- SKU: 18205719
- Release Date: 09/29/2009
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Directed by former film editor S. Roy Luby, this above-average mystery-western starred Johnny Mack Brown as Billy Donovan, a sharpshooter turned ammunitions expert coming to the aid of Jean Haloran (Sheila Mannors aka Sheila Bromley), whose ranch is the target of the "Desert Phantom," a masked killer. During his investigation of several mysterious deaths attributed to the "phantom," Billy comes across a wide range of suspects that includes Salizar (Ted Adams) a Mexican bandit trying to blackmail Jean into marrying him; Tom Jackson (Karl Hackett), Jean's somnambulistic stepfather; and Jim Day (Hal Price), a greedy neighbor. Literally stumbling over a hidden gold mine along the way, Billy manages to unmask the killer and save the girl from the usual fate worse than death. Desert Phantom was one of the last films distributed by A.W. Hackel's low-budget Supreme Pictures. Beginning with Undercover Man (1936), the Hackel/Brown series would be handled by Republic Pictures. ~ Hans J. Wollstein, Rovi
This above-average Johnny Mack Brown Western from A.W. Hackel's low-budget Supreme Pictures features the bizarre spectacle of an infant contentedly sucking on the barrel of Mack Brown's gun. The scene is played for warm-hearted comedy with Mack Brown and two wizened gunslingers (Frank Campeau and John Beck) all beaming at the clever toddler. The three gunfighters are hired by Sheriff Horace Murphy and cattle rancher Lloyd Ingraham to drive off the local homesteaders, but when they miss a rendezvous due to their baby-sitting endeavors, Roger Gray and his gang are deputized instead. Gray and company, however, robs both the sheriff and Ingraham before turning their attention toward pretty Beth Marion, the baby's presumed mother. Mack Brown, who reveals himself to be a Texas Ranger in disguise, manages to clear up the mess, arrest the guilty and make the valley safe for the homesteaders. Miss Marion on her part reveals herself to be the baby's aunt and a relieved Mack Brown promises to become a steady caller. Despite a rather complicated plot, Everyman's Law is engrossing most of the way and Mack Brown works well with the dour-looking Campeau and Beck. A scene where the three engage in a bit of target practicing on Miss Marion's laundry is played to the hilt and the entire baby-sitting sequence is an eye-opener, to say the least. The scruffy-looking Gray makes a particularly fiendish villain in his B-Western debut and his climactic fight with Mack Brown is well-staged by director Albert Ray. Johnny Mack Brown was to make 16 low-budget but slightly off-beat Westerns for Supreme Pictures 1935-1937 before moving on to Universal. ~ Hans J. Wollstein, Rovi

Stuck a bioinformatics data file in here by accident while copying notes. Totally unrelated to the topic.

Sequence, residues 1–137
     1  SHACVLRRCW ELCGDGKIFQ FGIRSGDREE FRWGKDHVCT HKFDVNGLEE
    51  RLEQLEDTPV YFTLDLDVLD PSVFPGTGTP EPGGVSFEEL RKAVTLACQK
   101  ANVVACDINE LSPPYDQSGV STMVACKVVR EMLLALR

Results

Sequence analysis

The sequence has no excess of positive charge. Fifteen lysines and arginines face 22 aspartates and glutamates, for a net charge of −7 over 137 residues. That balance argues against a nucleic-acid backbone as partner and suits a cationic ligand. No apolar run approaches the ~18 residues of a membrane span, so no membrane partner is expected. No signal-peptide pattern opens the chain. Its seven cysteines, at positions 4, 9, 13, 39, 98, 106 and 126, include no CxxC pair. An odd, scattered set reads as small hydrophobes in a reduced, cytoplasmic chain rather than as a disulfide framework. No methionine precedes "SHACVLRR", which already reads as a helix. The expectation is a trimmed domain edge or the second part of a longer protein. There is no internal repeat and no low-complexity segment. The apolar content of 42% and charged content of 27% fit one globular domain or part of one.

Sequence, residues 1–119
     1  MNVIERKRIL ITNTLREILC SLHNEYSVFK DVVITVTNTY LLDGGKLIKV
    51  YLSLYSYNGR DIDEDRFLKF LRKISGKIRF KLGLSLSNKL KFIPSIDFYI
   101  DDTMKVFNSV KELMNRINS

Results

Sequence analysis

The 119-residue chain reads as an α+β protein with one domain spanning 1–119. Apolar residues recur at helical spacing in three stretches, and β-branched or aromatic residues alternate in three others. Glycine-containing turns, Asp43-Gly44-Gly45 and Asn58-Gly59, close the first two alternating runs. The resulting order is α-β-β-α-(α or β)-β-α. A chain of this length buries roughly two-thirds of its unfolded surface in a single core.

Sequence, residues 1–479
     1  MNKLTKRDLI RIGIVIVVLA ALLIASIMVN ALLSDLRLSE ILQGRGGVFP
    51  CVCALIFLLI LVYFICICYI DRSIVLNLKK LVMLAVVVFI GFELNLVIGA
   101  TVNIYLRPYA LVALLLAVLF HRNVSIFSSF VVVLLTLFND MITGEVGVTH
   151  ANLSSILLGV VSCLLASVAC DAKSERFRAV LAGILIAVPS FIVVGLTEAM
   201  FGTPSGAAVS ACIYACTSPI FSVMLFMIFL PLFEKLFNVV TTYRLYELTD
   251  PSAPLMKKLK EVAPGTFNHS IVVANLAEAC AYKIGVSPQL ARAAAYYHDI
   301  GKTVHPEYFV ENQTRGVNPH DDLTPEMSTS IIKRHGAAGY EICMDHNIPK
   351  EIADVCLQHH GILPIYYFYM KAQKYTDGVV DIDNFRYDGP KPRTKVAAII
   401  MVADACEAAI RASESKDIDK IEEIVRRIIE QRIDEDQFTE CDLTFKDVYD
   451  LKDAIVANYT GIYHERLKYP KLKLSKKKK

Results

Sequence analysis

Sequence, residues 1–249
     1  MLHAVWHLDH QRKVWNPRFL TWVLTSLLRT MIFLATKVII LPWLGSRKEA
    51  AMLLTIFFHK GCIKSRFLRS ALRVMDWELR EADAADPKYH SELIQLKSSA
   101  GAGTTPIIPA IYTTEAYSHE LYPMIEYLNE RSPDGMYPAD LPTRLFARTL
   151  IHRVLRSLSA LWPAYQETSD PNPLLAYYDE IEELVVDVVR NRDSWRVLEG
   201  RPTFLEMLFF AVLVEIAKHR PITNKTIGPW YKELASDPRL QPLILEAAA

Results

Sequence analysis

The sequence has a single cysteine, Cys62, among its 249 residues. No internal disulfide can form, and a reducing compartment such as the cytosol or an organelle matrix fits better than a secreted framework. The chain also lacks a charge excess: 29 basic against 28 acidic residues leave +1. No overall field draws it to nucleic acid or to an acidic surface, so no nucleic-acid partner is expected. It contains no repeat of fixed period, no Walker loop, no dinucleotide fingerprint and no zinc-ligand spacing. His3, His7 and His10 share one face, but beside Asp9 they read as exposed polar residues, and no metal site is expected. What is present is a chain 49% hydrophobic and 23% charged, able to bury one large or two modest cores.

Guns in the Dark
Acting upon the belief that he accidentally murdered his best pal, a gunman swears never to draw his weapon again. ~ Jason Ankeny, Rovi
An operative from the Wells Fargo company goes undercover to trap a crooked sheriff and his equally nefarious hirelings in this standard B-Western from A.W. Hackel's low-budget Supreme Pictures Corp. Former gridiron star (and onetime leading man to Greta Garbo!) Johnny Mack Brown plays Steve McLain, the witness to a stage holdup. Investigating, Steve learns that crooked Sheriff Pegg (Horace Murphy) is in cahoots with the local saloon proprietor Ace Pringle (Ted Adams). Their nefarious scheme: to rob the Wells Fargo, for whom, unbeknownst to the sheriff, Steve is working . In an effort to outsmart the criminals, Steve is ambushed by a couple of Pringle's henchmen and left to drown in the river. Our hero, however, is rescued in the nick of time by lovely Linda Forbes (Suzanne Kaaren) and survives to put a permanent halt to Sheriff Pegg's criminal activities. Undercover Man was the first of Hackel's Mack Brown westerns to be distributed by newcomer Republic Pictures. ~ Hans J. Wollstein, Rovi
In his second Western for Poverty Row producer A.W. Hackel, former football star Johnny Mack Brown goes in search of both his long-lost father and foster-sister. Mistakenly believing that they murdered his young son Johnny, John Wellington (William Farnum) kills three ruffians and becomes a wanted man. Young Johnny (Barry Downing), who had survived the attack, is instead raised by rich Sir George Thorne (Lloyd Ingraham). The latter's old-fashioned ideas causes him to lose both his son-in-law, Gentry Winters (Frank Ball), and young granddaughter, Gale. In his search for the missing girl, Johnny ( now Mack Brown) learns that Winters has been killed by Trent (Earl Dwire), an outlaw whose advances Gale (Beth Marion) had spurned. Aiding Johnny in his quest to capture Trent is one Rand who, it turns out, is none other than the missing John Wellington. Although initially opposed to Johnny's courting of Gale, Wellington/Rand changes his mind in due time and heroically takes a bullet meant for his son. After finishing off the murderous Trent in a final confrontation, Johnny can begin to plan a more peaceful future with Gale. According to contemporary reports, Between Men was filmed in six days at Lone Pine, CA. ~ Hans J. Wollstein, Rovi
Cast & Crew
- Johnny Mack Brown - Billy Donovan
- Ted Adams - Salizar
- Karl Hackett - Tom Jackson
- Hal Price - Jim Day
- Nelson McDowell - Doc Simpson